UAW Health Care VEBA: A Cautionary Tale

Robert Farago
by Robert Farago
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uaw health care veba a cautionary tale

We've been highlighting the dangers of placing the United Auto Workers (UAW) members' multi-billion dollar health care provision into the hands of union bosses since the idea was first mooted. The Tribune Chronicle (Warren, OH) reports that one of the nation's longest running union-controlled VEBAs (Voluntary Employees' Benefits Association) is about to run dry. After twelve years doling-out health care payments for Copperweld Steel retirees, the VEBA will be out of cash in "a few more years"– some 15 or so years shy of its goal. Cooperweld's VEBA ran into trouble when the company filed for bankruptcy. Hamlin Holdings purchased Copperweld in 1995 and renamed it CSC. In 2001, Hamlin stopped making payments. In 2007, CSC went Chapter 7 and that was that. "No one imagined that CSC would go bankrupt," says VEBA trust committee chairman Earl Thomas. "If we were doing it differently, we would have made sure we had secured promissory notes." The Trib article also characterizes the template for the VEBA movement, the U.S. Steel's agreement, as something of a mixed blessing. "Many of our members are not satisfied,’’ Bill Luoma, president of Steelworkers Organization of Active Retirees, told the paper. "[Health care] is a high cost item for many individual retirees, especially when compared to what they were responsible to financially contribute before the company relinquished its responsibilities for retiree health care.’’

Robert Farago
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  • Yankinwaoz Yankinwaoz on Oct 22, 2007

    I don't get it. This seems totally backwards. If I read it right, the VEBA actually gave the union members healthcare coverage for a longer period of time than if there had been no VEBA. Since 2001 when the company stopped funding health care, they have had the VEBA covering them. That sure beats nothing, which is what the rest of the working American public gets. I will concur that having a VEBA with an unbalanced investment portfolio was stupid. It is no different that having your retirement account all investing in one stock. They should have brought in a competent investment manager to align the portfolio with the fund's objectives and tolerance for risk. After balancing the portfolio, they would have seen that there may not have been enough capital to achieve the VEBA objectives. Then they would either have to ask for more capital, or they would have to start taking a hard look at the medical expenses they were responsible for paying. Welcome to the real world of defined benefits (like IRA's, 401ks, etc). You get out of it what you put in to it. No more.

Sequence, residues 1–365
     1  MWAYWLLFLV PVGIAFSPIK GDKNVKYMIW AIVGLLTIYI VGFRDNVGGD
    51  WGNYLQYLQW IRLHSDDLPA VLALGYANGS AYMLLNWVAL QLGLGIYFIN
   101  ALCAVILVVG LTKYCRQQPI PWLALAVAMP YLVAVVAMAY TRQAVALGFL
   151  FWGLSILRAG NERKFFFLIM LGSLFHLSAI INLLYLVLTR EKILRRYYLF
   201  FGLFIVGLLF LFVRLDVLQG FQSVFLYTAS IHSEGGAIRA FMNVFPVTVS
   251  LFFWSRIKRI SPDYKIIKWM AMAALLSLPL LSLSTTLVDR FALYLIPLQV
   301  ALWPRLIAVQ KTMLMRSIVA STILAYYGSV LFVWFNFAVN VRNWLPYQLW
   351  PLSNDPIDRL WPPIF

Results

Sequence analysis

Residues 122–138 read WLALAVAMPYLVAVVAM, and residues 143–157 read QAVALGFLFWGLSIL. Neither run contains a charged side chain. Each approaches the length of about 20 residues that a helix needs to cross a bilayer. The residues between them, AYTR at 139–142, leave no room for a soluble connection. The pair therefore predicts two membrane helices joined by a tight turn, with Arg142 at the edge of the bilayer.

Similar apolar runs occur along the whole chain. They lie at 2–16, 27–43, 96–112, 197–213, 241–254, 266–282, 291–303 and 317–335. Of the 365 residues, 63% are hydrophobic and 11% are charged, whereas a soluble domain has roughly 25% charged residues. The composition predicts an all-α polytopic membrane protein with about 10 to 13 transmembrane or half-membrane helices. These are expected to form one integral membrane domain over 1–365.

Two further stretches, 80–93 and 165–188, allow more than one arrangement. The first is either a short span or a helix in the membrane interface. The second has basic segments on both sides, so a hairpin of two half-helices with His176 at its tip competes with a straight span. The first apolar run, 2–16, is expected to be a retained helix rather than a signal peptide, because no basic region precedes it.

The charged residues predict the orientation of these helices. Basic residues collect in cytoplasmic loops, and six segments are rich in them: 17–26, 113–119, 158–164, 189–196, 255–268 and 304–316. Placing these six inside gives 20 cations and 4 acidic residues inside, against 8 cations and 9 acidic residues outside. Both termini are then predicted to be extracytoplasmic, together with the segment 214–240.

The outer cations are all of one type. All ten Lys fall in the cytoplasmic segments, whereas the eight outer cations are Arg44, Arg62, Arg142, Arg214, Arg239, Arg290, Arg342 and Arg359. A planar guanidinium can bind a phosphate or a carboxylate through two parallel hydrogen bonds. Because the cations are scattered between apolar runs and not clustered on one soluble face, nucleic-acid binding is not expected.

• Sherman Lin Sherman Lin on Oct 22, 2007

    I don't think the problem was with the investment portfolio but rather with the company which did not make the originally agreed upon payments to fund the VEBA.

  • NBK-Boston NBK-Boston on Oct 22, 2007

    Yankinwaoz, I think you mean "defined contribution," not "defined benefit." The latter means you get whatever benefits you were promised no matter what the cost. The benefits are defined -- set out in stone -- and money is no object. Granted, if the company goes broke, you're probably out of luck. The former means (defined contribution) that a certain pot of money is set aside (your money, your employer's money, a little of both, whatever), and you try to invest it and spend it as wisely as possible. What happened in the CSC case is that the VEBA never got all the money it was promised because the company went bust first -- the money was supposed to be paid into the VEBA over a number of years, and only some of those payments were made before bankruptcy. I'm not sure what the promissary notes are. It may be that the VEBA was holding its cash investments in the form of CSC bonds or some such, but I doubt it. More likely is that the entire amount of the VEBA was written out as promissary notes at the time it was formed, with some notes converting to cash every year -- which would then be put in diverse investments. Since the company went bankrupt unexpectedly quickly, the VEBA had to wait in line with other unsecured creditors to get proceeds from the liquidation. That didn't amount to much. Had the VEBA notes been secured against some real assets (buildings, machines, whatever), they could have made a priority claim against those assets, sold them for cash, and recovered more of what they were owed. Had the VEBA been well advised, however, they would have sold at least some of the notes up front to cash investors, who would have assumed the risk in exchange for some discount on the face value of the notes. The proceeds could have then been invested in diverse vehicles.

  • Robert Schwartz Robert Schwartz on Oct 22, 2007

    "No one imagined that CSC would go bankrupt" Famous last words.